@MichaelMrozek There's some merit to the idea that a mod can't always classify content when they have little to no experience in a language. If the mod tools don't benefit a mod interesting in a top x tag, then the mod tools are deficient. So, your argument is after the fact, and doesn't discuss the real issue.
@jonsca When answering that question, you can probably reference the fact that a lot of the mods on SE 2.0 sites didn't have 10k before becoming mods, the tools aren't that hard to learn, and there's always TL to consult if you're not sure. Being in the primary is usually a good proxy to being savy with a computer. Evidence that you could make good decisions when using the tools would, IMO, be much more important than knowing how to use them.
@RobertHarvey I dislike that so far all of the "block bad migrations by X" have been declined. Some bad migrations are painful to watch (although can often be averted by a plain vote to close + a mod flag and comment). I don't think that's a big problem though!
@RebeccaChernoff thanks if you've voted for me so far. (If you're hesitant I'd be glad to chat more - I'm regularly in the C++ chat room if I've got a web browser to hand) I'd like more moderator tools to increase the usefulness of the things I do. In exchange for that I'll do my best to be fair, efficient and reflect the will of the community.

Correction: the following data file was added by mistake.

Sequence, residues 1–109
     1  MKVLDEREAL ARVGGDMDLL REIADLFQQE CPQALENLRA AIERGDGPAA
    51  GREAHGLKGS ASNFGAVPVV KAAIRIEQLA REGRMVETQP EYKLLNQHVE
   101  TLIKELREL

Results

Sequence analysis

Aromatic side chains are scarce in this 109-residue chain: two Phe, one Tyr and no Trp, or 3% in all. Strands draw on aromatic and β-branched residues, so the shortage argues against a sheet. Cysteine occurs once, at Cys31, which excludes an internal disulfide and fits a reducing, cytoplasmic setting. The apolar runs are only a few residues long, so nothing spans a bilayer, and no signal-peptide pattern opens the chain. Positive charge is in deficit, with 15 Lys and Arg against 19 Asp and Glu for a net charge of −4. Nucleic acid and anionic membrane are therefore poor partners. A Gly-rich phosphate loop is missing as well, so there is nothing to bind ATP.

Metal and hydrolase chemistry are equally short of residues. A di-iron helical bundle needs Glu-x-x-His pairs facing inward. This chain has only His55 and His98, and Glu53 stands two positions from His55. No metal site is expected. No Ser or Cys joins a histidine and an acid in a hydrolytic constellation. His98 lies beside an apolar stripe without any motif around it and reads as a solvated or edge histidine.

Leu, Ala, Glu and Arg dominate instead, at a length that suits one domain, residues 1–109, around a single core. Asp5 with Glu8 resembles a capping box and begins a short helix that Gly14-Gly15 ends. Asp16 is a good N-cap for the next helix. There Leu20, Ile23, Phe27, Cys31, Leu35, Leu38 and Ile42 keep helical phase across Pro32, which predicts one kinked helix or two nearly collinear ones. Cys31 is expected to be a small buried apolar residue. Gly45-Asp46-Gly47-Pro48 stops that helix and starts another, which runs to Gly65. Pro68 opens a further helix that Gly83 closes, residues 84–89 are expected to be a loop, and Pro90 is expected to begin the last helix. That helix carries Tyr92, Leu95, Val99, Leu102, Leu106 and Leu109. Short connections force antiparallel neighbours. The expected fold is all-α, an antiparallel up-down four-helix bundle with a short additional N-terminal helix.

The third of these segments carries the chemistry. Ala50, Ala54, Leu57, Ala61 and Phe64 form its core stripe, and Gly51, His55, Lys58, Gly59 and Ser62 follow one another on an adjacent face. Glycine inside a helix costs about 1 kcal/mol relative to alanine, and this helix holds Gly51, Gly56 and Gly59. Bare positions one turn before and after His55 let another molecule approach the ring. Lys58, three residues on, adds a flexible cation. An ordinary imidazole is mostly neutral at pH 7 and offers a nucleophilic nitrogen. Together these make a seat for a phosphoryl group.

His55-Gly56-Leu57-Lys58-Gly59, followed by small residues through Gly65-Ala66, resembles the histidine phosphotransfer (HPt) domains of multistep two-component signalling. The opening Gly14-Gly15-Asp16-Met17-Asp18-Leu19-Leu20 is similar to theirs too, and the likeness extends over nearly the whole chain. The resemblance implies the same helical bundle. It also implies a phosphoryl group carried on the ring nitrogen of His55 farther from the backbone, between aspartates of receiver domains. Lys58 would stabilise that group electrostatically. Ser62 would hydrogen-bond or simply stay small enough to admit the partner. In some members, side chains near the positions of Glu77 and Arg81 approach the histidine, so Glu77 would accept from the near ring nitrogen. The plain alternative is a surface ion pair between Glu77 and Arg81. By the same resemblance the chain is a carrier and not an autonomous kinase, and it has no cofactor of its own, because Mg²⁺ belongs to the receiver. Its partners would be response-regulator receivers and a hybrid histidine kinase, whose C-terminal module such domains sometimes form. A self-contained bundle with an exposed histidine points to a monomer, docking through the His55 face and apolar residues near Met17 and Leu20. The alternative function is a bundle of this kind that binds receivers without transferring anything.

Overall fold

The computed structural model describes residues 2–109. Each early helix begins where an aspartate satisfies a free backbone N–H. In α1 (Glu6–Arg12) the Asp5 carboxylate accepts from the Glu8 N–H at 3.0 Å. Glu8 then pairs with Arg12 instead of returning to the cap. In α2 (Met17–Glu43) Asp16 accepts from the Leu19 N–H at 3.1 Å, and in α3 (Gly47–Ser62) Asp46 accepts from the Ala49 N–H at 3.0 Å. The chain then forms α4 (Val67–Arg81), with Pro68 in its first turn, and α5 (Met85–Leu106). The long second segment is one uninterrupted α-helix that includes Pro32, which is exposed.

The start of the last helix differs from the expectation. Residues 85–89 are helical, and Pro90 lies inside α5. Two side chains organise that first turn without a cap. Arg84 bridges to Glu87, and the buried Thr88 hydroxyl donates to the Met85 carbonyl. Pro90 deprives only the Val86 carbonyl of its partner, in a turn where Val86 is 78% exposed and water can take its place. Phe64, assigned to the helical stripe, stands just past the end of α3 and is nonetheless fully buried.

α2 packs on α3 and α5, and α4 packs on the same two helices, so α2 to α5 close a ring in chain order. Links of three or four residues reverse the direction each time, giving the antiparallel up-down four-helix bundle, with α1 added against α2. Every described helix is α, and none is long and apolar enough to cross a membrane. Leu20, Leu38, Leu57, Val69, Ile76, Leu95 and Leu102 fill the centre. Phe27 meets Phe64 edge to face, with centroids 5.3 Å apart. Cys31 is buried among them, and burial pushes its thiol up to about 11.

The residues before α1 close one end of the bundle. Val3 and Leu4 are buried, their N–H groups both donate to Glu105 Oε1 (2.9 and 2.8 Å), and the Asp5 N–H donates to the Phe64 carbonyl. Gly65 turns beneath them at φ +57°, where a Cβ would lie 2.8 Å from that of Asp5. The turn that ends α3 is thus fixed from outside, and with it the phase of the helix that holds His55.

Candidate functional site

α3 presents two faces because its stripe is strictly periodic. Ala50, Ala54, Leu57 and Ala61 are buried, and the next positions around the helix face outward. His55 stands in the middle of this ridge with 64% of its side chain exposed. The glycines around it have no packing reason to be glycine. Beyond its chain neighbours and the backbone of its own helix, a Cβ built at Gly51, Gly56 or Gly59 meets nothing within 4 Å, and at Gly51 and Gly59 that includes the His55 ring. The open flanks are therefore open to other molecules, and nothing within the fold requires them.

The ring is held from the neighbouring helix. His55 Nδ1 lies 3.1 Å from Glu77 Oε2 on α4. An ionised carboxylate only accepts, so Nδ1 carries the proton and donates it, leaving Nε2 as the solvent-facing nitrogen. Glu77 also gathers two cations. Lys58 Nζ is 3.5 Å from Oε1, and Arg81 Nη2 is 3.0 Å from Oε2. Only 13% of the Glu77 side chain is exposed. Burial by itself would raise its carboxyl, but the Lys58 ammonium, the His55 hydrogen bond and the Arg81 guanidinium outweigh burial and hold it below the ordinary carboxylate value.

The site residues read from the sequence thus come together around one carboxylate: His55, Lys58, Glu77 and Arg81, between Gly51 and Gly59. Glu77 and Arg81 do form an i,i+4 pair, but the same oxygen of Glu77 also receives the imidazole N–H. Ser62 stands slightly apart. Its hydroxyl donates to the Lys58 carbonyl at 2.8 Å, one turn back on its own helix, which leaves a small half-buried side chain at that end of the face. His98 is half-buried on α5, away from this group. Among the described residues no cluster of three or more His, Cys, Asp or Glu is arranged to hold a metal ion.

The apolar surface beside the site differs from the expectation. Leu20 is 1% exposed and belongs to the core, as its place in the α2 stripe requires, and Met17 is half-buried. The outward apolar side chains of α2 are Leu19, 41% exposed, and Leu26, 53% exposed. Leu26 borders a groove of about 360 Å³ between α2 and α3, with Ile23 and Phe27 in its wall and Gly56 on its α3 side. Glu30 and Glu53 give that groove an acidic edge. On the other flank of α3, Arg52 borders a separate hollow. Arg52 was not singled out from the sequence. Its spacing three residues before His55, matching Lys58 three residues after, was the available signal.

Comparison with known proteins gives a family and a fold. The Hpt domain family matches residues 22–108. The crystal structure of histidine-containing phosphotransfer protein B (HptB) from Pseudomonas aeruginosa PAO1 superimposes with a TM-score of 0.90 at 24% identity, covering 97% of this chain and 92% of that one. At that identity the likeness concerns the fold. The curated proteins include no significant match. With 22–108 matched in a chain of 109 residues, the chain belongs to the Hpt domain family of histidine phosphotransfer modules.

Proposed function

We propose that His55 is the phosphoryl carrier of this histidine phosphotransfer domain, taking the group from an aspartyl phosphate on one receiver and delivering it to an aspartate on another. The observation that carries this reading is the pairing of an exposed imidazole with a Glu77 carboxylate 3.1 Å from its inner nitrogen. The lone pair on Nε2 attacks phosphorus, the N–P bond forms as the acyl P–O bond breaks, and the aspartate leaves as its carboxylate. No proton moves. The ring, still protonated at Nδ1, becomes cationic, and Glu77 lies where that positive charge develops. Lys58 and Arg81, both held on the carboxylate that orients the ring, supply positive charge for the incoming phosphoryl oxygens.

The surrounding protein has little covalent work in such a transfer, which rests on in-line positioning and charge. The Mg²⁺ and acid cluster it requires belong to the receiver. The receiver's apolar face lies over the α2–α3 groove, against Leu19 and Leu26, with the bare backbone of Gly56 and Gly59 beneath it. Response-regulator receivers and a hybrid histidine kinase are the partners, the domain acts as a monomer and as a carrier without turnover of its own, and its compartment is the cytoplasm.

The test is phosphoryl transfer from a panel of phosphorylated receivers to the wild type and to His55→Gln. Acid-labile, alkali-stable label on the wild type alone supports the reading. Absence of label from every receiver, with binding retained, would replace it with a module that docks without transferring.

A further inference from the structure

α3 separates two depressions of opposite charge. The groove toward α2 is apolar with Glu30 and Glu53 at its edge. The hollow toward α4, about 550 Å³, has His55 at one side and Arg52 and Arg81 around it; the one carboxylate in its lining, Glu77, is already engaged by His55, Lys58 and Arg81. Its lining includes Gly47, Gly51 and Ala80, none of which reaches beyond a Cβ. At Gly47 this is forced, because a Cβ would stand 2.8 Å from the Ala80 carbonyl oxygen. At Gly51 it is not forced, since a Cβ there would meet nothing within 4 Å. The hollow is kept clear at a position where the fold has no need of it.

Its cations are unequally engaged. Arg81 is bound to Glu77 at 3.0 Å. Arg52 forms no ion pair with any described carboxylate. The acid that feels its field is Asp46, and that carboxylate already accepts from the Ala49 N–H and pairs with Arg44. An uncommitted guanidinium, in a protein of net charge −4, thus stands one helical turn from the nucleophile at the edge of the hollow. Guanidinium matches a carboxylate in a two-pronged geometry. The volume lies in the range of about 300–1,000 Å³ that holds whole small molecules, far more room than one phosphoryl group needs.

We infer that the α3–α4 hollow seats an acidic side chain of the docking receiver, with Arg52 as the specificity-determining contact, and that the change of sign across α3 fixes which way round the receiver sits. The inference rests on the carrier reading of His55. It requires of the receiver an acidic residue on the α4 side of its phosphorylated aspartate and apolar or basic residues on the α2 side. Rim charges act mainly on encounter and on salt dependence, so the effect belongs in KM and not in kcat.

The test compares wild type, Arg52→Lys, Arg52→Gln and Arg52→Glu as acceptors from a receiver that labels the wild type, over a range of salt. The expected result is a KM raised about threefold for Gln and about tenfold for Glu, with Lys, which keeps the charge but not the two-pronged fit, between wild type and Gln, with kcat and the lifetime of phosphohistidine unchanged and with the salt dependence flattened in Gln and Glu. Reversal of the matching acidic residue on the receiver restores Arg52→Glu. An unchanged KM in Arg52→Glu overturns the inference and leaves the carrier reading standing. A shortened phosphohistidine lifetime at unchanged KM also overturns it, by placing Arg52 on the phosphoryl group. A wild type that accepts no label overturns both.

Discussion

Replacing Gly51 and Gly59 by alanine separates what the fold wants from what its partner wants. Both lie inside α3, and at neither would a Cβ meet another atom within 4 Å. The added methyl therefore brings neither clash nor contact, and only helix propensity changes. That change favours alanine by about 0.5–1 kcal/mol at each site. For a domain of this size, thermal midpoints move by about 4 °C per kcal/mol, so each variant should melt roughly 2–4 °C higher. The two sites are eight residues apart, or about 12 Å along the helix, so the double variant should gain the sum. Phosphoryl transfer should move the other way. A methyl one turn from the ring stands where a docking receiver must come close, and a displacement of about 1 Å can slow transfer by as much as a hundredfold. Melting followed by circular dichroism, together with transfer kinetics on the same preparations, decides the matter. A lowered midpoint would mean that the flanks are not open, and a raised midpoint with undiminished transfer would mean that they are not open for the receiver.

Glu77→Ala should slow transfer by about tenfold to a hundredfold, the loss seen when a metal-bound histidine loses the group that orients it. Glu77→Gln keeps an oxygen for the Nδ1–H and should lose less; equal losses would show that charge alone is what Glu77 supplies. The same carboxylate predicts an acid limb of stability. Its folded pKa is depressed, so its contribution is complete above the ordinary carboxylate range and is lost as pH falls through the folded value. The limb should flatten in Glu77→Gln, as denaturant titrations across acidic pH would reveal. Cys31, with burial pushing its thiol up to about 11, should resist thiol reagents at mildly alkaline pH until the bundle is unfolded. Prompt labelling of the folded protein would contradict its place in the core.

@TimPost I consider that to be an abuse of mod powers, to be honest. Thats not to say that I wouldn't rule it out completely, but most likely not.
@AdamDavis That's what the 10k and mod tools are for, no? If I see something that needs to be dealt with, it's silly not to do so simply because "nobody else flagged it yet", but again, case by case is an important consideration.
@TimPost Back down where appropriate. There's no reason to entertain confrontation.
@RobertHarvey Spelling and grammar are important for communication. Capitalization is also important. Generally, I'd try to assess where the deficiency stems from. If the user uses textspeak, it's not the same as just plain poor grammar skills. Sometimes it's negligence and sometimes it's a result of lack of knowledge.
@MichaelMrozek I mean, if you don't know a tag well enough, how can you tell if a question is off-topic. Generically you can determine if it should be closed. However, someone not familiar with the context will have false close-worthy positives and negatives.
As far as I know it's staying mod only; I was agreeing with that part
@Xaade Because "moderating the tag" isn't a thing. Mods moderate the whole site; most of the time they're not even going to look at the tags on a question. They see a flag, they deal with it, and being familiar with a tag is rarely necessary. @awoodland's merging example is one case where it might help, but that's about it